Russian investigators said Thursday that they have arrested eight possible accomplices in the St. Petersburg subway attack Monday that killed 14 people and wounded dozens more, and a Russian news agency reported that the suspected bomber may have trained with the Islamic State in Syria.

The explosion in the heart of Russia’s cultural capital shocked the nation and brought outpourings of grief, followed by three days of official mourning. The first subway bombing in seven years also pierced a sense of security in Russia, and authorities moved Thursday to ease those fears.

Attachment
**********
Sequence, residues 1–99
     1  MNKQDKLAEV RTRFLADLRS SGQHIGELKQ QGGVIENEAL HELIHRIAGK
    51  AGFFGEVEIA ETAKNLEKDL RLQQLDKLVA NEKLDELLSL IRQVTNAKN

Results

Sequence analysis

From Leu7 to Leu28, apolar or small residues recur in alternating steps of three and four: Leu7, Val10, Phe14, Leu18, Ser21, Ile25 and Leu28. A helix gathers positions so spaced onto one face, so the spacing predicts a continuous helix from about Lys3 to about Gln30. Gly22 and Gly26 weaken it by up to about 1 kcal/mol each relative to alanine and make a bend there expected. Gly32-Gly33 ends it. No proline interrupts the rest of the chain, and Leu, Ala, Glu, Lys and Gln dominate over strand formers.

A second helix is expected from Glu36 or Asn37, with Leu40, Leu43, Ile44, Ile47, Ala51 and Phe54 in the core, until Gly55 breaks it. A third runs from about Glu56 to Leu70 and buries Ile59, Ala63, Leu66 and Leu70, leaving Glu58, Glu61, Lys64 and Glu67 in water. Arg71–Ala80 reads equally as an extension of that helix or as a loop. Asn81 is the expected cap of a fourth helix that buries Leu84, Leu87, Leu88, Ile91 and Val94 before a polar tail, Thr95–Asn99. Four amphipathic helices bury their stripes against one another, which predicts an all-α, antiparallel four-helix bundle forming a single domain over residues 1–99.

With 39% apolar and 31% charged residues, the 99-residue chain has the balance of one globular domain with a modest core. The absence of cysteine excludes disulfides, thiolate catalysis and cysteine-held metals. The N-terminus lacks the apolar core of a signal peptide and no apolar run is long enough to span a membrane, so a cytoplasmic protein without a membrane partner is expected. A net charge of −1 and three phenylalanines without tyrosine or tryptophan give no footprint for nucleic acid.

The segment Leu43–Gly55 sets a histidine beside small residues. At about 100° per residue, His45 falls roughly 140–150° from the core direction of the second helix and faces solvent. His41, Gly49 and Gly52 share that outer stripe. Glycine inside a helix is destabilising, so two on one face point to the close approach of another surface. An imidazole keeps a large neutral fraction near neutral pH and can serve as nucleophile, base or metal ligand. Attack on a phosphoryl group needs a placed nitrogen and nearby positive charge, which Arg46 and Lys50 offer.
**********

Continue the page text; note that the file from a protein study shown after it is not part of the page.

As thousands of Russians attended carefully staged rallies in major cities across the country, state television broadcast dramatic footage of police breaking into a St. Petersburg apartment and bringing out three men in handcuffs.

The Investigative Committee, a federal authority with broad powers, said six people were detained in St. Petersburg and two in Moscow. Investigators also turned up explosives identical to those police discovered in another St. Petersburg station soon after the subway attack.


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